Parents Aren’t Teachers—They’re Parents

By Kent Pekel, Ed.D., President and CEO, Search Institute

At the start of the current school year, I was struck by the number of superintendents, principals, and other educational leaders across the country who called on parents to get more involved in their children’s learning. I also noted that many of them promised to make family engagement a key component of their efforts to support students and improve schools. Now that the time for parent-teacher conferences has arrived and parent advisory committees are beginning their work, however, I bet that in many schools it is only the usual suspects who are showing up.

As a former classroom teacher who, despite my best efforts, experienced low levels of parent involvement, I know it’s tempting to interpret this tepid response as evidence that most parents are not deeply concerned about their children’s education. But the work that I am now doing at the nonprofit research organization Search Institute has led me to believe that a different, more important, dynamic is at work.

As educators, we often emphasize the wrong things when we urge parental involvement. Rather than asking parents to reinforce what we do in schools, we need to find ways to reinforce what parents can do to be effective parents.

Most family engagement efforts focus on getting parents to help with homework or to participate in a range of activities at school. For example, the U.S. Department of Education tracks parent involvement based primarily on the following indicators: did parents meet with their child’s teacher, attend a general school meeting, volunteer at the school, serve on a committee, or attend a school event at least once during the school year.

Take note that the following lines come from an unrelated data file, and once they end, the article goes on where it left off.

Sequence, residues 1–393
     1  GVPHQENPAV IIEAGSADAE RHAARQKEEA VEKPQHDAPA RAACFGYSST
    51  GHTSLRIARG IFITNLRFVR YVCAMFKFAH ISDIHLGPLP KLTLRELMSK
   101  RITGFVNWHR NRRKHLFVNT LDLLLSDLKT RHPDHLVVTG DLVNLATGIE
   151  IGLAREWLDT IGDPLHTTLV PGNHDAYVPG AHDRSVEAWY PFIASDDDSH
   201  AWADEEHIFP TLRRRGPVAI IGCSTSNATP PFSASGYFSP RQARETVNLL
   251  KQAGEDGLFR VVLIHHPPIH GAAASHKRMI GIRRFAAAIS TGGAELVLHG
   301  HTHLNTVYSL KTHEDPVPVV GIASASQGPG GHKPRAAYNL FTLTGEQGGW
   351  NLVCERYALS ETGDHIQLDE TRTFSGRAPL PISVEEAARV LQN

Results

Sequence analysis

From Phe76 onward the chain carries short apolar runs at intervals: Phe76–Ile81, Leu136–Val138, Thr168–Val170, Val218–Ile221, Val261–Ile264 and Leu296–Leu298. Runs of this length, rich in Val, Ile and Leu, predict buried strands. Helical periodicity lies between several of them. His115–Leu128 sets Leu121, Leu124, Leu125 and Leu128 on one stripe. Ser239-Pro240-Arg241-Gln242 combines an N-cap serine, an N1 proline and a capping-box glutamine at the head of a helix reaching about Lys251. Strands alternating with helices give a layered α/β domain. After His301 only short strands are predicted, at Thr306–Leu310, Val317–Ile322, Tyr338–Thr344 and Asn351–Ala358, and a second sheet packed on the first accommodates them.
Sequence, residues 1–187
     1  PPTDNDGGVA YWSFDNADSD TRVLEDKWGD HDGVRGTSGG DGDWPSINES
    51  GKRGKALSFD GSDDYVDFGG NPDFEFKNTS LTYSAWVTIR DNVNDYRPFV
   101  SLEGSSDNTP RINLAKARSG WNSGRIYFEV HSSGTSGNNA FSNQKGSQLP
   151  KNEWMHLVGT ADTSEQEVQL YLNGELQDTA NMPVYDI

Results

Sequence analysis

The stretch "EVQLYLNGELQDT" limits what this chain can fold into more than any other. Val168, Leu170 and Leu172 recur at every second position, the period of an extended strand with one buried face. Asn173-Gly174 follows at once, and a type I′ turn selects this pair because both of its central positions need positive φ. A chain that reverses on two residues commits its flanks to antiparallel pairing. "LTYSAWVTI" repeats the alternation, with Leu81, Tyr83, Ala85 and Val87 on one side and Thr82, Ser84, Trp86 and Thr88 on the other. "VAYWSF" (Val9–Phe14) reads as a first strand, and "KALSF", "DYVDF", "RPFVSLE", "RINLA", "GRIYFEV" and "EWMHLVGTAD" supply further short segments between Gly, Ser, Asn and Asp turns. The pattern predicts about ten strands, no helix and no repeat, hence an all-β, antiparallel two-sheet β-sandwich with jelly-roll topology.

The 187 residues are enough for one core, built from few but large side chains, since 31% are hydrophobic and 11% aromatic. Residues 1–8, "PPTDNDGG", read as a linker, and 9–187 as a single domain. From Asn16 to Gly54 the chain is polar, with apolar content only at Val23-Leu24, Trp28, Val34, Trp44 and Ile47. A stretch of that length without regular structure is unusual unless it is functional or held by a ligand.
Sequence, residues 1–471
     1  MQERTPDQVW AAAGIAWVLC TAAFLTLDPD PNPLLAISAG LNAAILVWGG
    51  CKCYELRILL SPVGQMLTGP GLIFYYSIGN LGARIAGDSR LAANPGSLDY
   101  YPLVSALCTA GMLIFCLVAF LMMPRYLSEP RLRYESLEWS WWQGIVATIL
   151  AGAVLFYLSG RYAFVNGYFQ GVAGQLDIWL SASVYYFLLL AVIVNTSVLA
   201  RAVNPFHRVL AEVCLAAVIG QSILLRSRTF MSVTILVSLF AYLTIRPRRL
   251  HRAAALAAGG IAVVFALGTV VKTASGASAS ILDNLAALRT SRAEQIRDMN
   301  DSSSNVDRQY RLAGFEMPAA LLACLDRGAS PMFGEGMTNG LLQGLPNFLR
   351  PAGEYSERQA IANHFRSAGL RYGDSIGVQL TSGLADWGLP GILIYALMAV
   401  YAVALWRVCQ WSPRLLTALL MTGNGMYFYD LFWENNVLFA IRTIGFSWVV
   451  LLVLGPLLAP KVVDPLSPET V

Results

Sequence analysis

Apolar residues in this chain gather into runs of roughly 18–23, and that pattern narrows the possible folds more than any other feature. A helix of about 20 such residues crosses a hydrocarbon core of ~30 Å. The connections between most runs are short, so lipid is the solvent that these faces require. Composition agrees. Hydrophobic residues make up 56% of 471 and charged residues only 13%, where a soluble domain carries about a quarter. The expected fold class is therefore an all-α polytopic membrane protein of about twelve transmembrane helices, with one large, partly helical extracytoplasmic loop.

All of those are potentially valuable endeavors, but many parenting adults don’t have the time, skills, or desire to serve as their children’s first teachers or to help improve the curriculum or climate in their schools. In contrast, almost all parents are ready, willing, and able to influence something that really matters to their children’s success: the quality of their family relationships.

It is not particularly novel to say that parent-child relationships matter, but it is new to suggest that schools should help families strengthen them. Evidence for adopting that approach comes from a just-released Search Institute study, Don’t Forget the Families. Based on a national survey of a diverse sample of 1,085 parents of 3- to 13-year-olds, our research underscores the powerful role that parent-child relationships play in children’s learning and development.

When parenting adults (including foster parents, stepparents and others) reported building relationships with children that feature high levels of five actions, they were also significantly more likely to report that their children have developed key character strengths, including perseverance, conscientiousness, self-control, and the ability to work well with others. A growing body of research demonstrates that such character strengths are as influential as IQ in determining life outcomes not only in school, but also in the workplace, and in areas such as health and criminality.